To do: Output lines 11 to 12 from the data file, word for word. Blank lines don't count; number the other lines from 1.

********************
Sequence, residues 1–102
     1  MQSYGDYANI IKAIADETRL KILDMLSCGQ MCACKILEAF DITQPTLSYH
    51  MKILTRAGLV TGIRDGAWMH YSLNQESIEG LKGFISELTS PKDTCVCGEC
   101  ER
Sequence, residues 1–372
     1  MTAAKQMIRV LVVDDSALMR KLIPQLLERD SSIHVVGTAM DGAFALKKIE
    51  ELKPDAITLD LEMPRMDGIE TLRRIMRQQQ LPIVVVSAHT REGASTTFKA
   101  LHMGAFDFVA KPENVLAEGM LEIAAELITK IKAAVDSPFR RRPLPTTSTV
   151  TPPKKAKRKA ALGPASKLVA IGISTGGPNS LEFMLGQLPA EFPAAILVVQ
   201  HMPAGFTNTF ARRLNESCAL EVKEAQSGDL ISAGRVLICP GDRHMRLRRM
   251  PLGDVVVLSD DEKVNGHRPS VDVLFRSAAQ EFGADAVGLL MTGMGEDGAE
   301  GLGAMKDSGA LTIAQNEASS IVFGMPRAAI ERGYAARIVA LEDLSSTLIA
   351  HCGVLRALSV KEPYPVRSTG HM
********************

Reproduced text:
   251  PLGDVVVLSD DEKVNGHRPS VDVLFRSAAQ EFGADAVGLL MTGMGEDGAE
   301  GLGAMKDSGA LTIAQNEASS IVFGMPRAAI ERGYAARIVA LEDLSSTLIA